We spoke to Sterling Gallacher about Paula's relationship with Sophie and how it will affect her friendship with Sally.
How did the Corrie role come about?
I really liked the idea that it was a realistic storyline about a relationship. I found the age difference a fascinating angle because it sounds more like a real relationship rather than an idea of what a lesbian relationship might look like from an outside context.
What’s it like working with Sally Dynevor, Brooke Vincent and Connie Hyde?
They could not have been more welcoming or tried to make my life any easier. They’ve been fab and we’ve had a really good laugh. I’ve felt very easy very quickly in their company which makes getting on with the work so much easier.
What can you tell us about Paula?
She’s a very straightforward woman – she’s what I would describe as a grown up woman, she’s very clear, she knows her own mind. She’s not emotionally driven but she’s emotionally well connected. She has a great logic and doesn’t get caught in unrealistic nonsense. The reason she’s so good at her job is because she’s clear, thoughtful and smart.
How does Paula feel as Sally first plots match-making Isla and Sophie?
The initial suggestion comes because Isla wants to go away travelling and Paula thinks this looks like a possible idea to keep her local. But the reality of it is that Paula realises dating has to be a choice rather than a matchmake – just because the girls are lesbians, doesn’t mean they’re going to fancy each other. So she realises it’s a bit daft, actually.
Is her own attraction to Sophie an instant thing?
Paula is aware of Sophie immediately; she is fascinated by her and she catches her eye. But then Sophie has a couple of wise words about travelling and it allows her to release Isla to go out in the world and have an adventure. Paula finds Sophie’s maturity and common sense very attractive.
What does Sophie make of Paula’s declaration that she’s interested?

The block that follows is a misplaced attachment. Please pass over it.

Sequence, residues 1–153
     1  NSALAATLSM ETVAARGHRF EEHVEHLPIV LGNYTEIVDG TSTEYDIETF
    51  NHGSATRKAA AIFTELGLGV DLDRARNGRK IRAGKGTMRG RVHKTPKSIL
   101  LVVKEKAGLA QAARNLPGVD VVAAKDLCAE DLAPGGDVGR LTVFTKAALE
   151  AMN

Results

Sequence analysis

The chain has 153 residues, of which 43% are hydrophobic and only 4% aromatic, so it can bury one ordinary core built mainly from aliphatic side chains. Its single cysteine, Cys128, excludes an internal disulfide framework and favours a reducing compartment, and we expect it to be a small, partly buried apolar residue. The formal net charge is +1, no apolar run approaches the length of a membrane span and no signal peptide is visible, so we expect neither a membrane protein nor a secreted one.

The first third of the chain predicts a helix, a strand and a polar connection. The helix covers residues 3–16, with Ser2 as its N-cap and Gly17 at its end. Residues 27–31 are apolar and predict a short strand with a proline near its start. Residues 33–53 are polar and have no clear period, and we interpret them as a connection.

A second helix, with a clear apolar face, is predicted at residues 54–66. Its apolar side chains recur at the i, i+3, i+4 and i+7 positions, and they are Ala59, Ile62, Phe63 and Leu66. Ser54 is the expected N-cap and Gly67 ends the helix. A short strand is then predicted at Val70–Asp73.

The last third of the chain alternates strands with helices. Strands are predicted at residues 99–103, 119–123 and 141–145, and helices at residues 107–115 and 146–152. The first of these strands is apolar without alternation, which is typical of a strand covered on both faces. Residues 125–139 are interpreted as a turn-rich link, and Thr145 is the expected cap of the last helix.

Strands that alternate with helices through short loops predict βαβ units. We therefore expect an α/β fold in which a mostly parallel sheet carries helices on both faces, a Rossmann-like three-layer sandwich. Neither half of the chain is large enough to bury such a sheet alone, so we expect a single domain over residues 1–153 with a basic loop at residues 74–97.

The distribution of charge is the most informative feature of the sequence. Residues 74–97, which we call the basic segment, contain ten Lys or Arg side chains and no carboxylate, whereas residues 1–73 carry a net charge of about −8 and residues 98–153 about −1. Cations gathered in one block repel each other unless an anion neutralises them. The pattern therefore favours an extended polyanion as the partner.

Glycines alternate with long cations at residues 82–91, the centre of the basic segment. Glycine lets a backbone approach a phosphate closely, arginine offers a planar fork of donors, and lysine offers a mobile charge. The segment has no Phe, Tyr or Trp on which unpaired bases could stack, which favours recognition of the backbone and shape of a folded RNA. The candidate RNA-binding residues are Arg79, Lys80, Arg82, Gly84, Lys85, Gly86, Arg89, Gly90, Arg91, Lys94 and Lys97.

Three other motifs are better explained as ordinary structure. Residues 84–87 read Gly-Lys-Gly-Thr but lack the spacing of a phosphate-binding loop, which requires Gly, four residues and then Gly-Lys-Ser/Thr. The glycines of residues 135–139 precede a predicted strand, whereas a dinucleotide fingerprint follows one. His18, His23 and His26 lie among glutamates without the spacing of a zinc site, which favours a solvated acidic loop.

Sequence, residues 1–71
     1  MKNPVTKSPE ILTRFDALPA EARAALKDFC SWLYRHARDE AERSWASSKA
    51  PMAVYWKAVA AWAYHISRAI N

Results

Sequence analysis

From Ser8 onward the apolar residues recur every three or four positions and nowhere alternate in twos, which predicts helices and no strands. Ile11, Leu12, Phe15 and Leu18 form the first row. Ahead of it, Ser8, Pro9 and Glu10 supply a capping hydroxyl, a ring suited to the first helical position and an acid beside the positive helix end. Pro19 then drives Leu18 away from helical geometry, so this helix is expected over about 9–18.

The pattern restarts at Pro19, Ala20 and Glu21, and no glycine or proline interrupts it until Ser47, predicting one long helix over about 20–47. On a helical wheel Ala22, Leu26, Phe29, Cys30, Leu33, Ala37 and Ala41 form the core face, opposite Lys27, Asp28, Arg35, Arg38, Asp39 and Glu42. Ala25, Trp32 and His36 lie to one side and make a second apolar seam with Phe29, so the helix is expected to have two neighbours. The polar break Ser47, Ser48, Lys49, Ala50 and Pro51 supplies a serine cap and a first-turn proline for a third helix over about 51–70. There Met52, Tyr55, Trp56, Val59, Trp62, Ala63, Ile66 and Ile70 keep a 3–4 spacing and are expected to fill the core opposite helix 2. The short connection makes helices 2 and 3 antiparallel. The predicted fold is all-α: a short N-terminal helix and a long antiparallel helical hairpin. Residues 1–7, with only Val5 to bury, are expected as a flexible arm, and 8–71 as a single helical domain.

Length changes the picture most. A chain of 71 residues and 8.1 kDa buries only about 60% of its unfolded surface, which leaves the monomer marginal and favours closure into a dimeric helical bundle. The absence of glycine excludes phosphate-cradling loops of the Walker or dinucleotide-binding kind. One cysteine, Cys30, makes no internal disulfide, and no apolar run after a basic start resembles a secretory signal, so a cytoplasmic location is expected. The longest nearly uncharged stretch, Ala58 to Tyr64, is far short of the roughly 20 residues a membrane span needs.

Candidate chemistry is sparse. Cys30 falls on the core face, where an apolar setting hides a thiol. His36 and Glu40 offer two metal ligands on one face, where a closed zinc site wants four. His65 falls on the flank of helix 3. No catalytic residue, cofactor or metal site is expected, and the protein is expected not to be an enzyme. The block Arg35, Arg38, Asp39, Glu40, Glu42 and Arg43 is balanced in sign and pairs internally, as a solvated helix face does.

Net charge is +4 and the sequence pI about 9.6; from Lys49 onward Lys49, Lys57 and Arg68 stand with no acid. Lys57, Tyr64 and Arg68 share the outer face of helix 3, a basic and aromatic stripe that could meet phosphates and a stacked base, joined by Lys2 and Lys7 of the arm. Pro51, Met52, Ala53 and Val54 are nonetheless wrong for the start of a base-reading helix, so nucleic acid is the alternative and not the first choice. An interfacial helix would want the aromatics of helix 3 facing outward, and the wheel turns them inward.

From Paula’s point of view, she’s aware that Sophie’s aware and there’s a nice little flirtation where they’re both toying with the idea of being involved with each other. Sophie makes the decision that this is going to happen and then Paula has to think about whether or not she’s willing to risk her working relationship because it’s not a sensible move to get involved with someone’s daughter when you’re representing them in such a way.
Are either of them concerned about Sally’s potential reaction?
Paula thinks that she can handle most things. She pretty much talks her way around things and isn’t scared of consequences but that’s an emotional response in Sally which would have to be dealt with. But nothing bad has happened – it’s just a poorly timed relationship.
Is a major falling out with Sally on the cards? Would you like that?
If and when Sally finds out about the relationship they’re might be a bit of a frisson there but I’d imagine Paula would be able to work it so that they remained friends because I’d love it if Sally and Paula would hang out a bit more!
Could Paula and Sophie live happily ever after?
That’s the fascinating thing – I would very much enjoy seeing how that could work because the age gap obviously is at least twenty years, and I think if they could both embrace each other’s choices and age. There’s lots of avenues for them to overcome if they properly love each other.